How Music Conferences Like Midem, A2IM Indie Week Will Carry On -- Digitally

TCmake_photo/Getty Images

In addition to the countless tours and festivals that have been halted by the coronavirus pandemic, the music industry's biggest professional conferences have also taken a hit.

Some conferences such as Music Biz postponed its May event in Nashville to August. But other entities, including international trade show Midem and American Association of Independent Music's (A2IM) Indie Week, are experimenting with hosting remote events.

"We felt that, during this very uncertain and unsettling time for our industry, it was more important than ever to bring the global community together," Midem Director Alexandre Deniot tells Billboard of moving the annual Cannes event online. 

The Midem Digital Edition will be accessible to all and will feature livestreamed keynote sessions, talks and presentations rather than holding off until the live version returns June 1-4 in 2021.

"The digital edition will enable us to serve the Midem network and beyond and allow people in all parts of the music business internationally to benefit from the Midem experience while they're unable to physically travel," Deniot adds. "This seemed by far the best option, rather than making everyone wait indefinitely, especially during a period when we all need each other more than ever."

The ability to reach more participants through a digital version also appeals to A2IM CEO Richard James Burgess, who oversees a membership of individuals with varying levels of income.

"A plus for us, is that it opens up the possibility of reaching many more members than we normally reach because some people don’t come because of scheduling conflicts or the financial strain of flying in," Burgess tells Billboard of the New York event that has moved online between June 15-18. "So we will be able to reach out all across America to members all across the country. But also be able to reach internationally."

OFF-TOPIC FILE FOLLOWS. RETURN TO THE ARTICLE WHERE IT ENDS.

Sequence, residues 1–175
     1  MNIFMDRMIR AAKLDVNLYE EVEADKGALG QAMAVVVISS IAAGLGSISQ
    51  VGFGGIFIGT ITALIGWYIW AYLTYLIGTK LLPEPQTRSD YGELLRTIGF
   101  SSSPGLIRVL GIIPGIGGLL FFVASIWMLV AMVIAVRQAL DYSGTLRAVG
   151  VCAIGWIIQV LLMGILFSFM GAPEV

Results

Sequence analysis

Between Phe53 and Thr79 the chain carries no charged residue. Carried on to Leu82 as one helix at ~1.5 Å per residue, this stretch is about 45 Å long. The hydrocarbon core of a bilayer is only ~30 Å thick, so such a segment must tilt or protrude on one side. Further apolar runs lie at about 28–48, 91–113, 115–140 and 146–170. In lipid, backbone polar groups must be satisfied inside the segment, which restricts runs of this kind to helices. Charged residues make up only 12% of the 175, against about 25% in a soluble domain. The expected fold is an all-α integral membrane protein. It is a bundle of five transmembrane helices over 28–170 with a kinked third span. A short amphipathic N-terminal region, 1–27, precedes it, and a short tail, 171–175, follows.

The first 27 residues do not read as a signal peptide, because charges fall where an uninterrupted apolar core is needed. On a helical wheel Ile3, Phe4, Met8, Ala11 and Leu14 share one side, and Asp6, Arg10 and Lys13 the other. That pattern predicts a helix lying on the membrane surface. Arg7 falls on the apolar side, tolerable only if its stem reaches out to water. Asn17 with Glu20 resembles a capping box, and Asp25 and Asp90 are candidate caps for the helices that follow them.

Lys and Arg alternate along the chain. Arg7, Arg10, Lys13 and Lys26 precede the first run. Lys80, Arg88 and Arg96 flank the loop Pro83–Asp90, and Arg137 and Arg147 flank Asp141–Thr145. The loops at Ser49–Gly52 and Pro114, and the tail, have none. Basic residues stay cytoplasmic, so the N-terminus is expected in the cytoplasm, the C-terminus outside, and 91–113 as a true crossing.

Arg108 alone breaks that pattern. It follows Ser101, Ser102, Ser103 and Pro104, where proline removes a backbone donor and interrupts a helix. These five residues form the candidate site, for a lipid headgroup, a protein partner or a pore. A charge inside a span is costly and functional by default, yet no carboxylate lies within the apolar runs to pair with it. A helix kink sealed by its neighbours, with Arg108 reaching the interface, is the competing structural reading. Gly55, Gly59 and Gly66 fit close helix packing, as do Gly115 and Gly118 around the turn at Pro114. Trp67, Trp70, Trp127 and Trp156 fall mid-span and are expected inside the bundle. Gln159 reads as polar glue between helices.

Annually, Indie Week and its corresponding Libera Awards bring together professionals throughout the independent music world with as many as 35 international territories represented in 2019.

"We debated canceling or postponing or virtual. Because of everything that I am seeing about the coronavirus is looking like it is going to be a lot longer than some people in our country are indicating, the idea of postponing didn’t seem like a good one. And canceling, well that just leaves everybody hanging," Burgess says. "I am hoping that doing the conference and the awards show digitally will help create a sense of normalcy in a sea of uncertainty. Everyone is feeling a little bit unsure about where things are going."

Both conferences admit that there was already a concentrated push within their conferences to move aspects of the events online.

"We've actually been planning to launch a digital platform for some time, so the need to move Midem online for 2020, as unexpected as it was, just gave us the push we needed to speed up the process," Deniot says. "We see this as just another great opportunity to develop and innovate, adapting in the most relevant way to the needs of the industry as they stand right now. This seems to us completely appropriate, not just as a solution to working in the current climate, but also to matching the digitally-driven nature of the music business more widely."